Barn remodel

Before and after photographs show a renovated farm building.

Renovation can often be a cost-effective solution to transform an outdated farm building into a structure that can meet an operation’s long-term needs.

Morton Buildings, which specializes in the design and construction of agricultural post-frame facilities, offers five recommendations to help farmers plan a successful remodeling project.

• Begin with a realistic assessment of the ultimate use of the structure.

“Considering the cost, determine if the remodeled building will fit into your overall operation by meeting immediate as well as long-term needs,” said Dan Nyberg, Morton Buildings training manager.

• If you’re planning to handle part of the work yourself, Nyberg said it’s a good idea to get a professional evaluation first.

“While nearly all farm operators have a broad range of experiences to draw from, identifying structural issues is really vital and may require professional help,” he added.

• For work you expect to perform yourself, versus using fully subcontracted labor, be realistic about the time it will take and the timeframe of the project.

“During the slower times of the year for field work, fitting in some renovation may be easy – but other times, hiring some help may be a better option,” he said.

• Ensure that every project estimate includes a clear and complete scope of work – what is included and what is not. For example, Nyberg said that while many contractors will install a unit heater, very few do the gas piping to supply it. It is a good idea to define who is doing the electric and gas connections in advance.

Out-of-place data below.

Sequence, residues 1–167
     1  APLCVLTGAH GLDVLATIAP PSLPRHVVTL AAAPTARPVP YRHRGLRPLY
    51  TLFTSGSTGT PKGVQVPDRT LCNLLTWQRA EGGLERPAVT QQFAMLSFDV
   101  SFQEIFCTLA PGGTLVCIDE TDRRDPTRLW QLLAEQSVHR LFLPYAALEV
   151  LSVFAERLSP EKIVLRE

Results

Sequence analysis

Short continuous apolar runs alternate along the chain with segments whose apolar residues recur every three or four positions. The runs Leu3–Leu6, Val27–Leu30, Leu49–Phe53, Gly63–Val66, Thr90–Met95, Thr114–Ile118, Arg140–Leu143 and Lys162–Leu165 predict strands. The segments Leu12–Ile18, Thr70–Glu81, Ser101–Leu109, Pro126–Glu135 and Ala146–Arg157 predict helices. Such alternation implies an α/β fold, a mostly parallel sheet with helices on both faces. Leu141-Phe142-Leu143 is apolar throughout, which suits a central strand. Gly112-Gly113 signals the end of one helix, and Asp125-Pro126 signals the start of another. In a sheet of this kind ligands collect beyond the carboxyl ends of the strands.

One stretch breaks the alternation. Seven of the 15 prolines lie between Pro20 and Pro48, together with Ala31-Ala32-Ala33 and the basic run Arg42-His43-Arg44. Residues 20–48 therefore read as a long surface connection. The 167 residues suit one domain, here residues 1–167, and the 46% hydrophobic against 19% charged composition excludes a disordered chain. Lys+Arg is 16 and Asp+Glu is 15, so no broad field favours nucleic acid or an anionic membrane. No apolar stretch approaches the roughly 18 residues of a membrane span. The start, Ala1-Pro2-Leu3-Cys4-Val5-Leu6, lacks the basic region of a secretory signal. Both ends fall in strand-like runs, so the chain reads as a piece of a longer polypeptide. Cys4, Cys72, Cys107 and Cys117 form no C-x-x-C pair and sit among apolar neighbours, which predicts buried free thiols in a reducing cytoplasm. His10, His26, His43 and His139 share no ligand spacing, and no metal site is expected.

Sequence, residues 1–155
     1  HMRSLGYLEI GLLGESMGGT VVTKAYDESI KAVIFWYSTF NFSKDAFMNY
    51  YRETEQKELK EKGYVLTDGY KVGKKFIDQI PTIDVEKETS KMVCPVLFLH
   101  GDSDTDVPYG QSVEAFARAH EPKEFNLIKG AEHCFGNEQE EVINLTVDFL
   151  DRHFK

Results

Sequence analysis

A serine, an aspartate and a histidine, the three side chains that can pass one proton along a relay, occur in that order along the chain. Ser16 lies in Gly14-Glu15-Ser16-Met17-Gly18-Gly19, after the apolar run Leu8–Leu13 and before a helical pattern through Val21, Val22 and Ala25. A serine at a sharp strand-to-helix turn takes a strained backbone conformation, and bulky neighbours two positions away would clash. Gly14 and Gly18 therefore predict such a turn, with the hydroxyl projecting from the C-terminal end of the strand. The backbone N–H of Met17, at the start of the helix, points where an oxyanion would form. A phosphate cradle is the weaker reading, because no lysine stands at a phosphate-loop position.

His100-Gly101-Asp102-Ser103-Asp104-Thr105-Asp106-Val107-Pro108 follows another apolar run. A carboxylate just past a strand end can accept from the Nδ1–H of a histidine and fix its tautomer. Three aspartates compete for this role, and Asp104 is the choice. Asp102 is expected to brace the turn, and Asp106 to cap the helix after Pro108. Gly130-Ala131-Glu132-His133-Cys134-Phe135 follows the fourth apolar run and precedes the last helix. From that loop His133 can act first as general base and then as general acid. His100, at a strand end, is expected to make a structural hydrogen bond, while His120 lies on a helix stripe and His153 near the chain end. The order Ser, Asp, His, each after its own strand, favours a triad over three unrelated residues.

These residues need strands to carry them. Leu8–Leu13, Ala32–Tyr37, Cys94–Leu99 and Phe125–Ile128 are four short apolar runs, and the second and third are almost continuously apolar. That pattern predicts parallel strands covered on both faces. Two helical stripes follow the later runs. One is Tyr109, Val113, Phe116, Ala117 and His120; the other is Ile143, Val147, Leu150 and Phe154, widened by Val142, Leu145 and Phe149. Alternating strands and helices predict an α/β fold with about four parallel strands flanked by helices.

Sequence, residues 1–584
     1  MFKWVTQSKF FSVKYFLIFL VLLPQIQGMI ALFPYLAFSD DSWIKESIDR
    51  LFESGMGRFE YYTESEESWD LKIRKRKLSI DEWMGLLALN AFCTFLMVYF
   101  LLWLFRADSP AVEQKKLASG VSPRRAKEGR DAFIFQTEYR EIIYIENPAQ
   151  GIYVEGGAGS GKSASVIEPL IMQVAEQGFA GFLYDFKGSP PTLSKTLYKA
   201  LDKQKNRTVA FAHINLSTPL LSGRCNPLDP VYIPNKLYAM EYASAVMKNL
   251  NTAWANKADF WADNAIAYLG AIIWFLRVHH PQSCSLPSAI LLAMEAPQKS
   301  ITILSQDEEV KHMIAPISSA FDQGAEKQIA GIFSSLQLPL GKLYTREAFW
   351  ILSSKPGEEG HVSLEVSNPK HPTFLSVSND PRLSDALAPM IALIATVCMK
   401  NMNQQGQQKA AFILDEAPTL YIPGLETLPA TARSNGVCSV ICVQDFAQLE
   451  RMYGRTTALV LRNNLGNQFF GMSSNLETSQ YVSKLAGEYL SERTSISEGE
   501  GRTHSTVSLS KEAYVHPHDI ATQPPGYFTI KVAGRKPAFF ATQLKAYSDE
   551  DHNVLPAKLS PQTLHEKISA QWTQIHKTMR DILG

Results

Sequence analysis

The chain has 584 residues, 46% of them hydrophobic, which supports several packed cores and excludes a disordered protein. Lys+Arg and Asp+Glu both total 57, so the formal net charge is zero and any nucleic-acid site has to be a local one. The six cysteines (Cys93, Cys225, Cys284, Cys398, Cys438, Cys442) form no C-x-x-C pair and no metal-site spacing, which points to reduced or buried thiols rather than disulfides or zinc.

• Also, Nyberg said a buffer should be built into all cost estimates for issues that might surface after work begins.

“For example, the state of electric wiring behind wall finishes can result in significant additional costs when discovered in the middle of the project,” he said.

Prioritizing repairs

Nyberg said when repairs are needed, it’s important to prioritize. If the structural integrity for functionality of the building is in question – such as a broken column or large sliding door that won’t open – those issues should be addressed as soon as possible, he said.

On the other hand, if a structure just needs a facelift or fixing minor issues, he recommends carefully evaluating if an additional investment is a wise use of time and money.

“Be careful about putting hard-earned cash into a building that is simply too small, even if you feel it won’t cost too much,” he added. “Does the finished project actually work with your equipment now and in the future? That project may not be a good investment.”